C++ Programming/Compiler/Linker/Libraries/Configuring Visual Studio
Example: Configuring MS Visual C++ to use external libraries[edit | edit source]
The Boost library is used as example library.
Considering you already have decompressed and have the binary part of the Boost library built. There the steps which have to be performed:
Include directory[edit | edit source]
Set up the include directory. This is the directory that contains the header files (.h/hpp), which describes the library interface:
Library directory[edit | edit source]
Set up the library directory. This is the directory that contains the pre-compiled library files (.lib):
Library files[edit | edit source]
Enter library filenames in additional dependencies for the libraries to use:
Some libraries (such as e.g. Boost) use auto-linking to automate the process of selecting library files for linking, based on which header-files are included. Manual selection of library filenames are not required for such libraries if your compiler supports auto-linking.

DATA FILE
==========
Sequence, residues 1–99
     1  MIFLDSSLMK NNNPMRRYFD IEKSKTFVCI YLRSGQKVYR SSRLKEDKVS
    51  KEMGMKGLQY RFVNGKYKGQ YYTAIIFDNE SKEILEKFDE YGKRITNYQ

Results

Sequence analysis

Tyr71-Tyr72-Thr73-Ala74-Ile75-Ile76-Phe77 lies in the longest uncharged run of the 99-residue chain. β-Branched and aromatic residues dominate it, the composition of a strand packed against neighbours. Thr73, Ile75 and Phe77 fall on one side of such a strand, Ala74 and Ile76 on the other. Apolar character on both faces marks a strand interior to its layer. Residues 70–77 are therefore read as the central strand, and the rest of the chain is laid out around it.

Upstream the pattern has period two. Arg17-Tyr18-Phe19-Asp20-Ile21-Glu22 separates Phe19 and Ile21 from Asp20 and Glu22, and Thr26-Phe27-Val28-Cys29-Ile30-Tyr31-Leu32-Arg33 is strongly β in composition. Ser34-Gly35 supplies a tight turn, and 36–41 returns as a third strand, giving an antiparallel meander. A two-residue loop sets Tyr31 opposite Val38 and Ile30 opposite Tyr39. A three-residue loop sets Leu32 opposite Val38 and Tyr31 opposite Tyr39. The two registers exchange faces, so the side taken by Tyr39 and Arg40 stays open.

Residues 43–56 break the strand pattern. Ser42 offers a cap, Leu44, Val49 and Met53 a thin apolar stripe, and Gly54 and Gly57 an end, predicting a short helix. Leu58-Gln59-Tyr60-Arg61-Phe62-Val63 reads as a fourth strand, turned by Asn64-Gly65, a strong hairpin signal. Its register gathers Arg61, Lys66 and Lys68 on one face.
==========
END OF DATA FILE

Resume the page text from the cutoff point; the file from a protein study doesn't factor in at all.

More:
Dynamic libraries[edit | edit source]
In case of dynamically loaded (.dll) libraries, one also has to place the DLL-files either in the same folder as the executable, or in the system PATH.
Run-time library[edit | edit source]
The libraries also have to be compiled with the same run-time library as the one used in your project. Many libraries therefore come in different editions, depending on whether they are compiled for single- or multi-threaded runtime and debug or release runtime, as well as whether they contain debug symbols or not.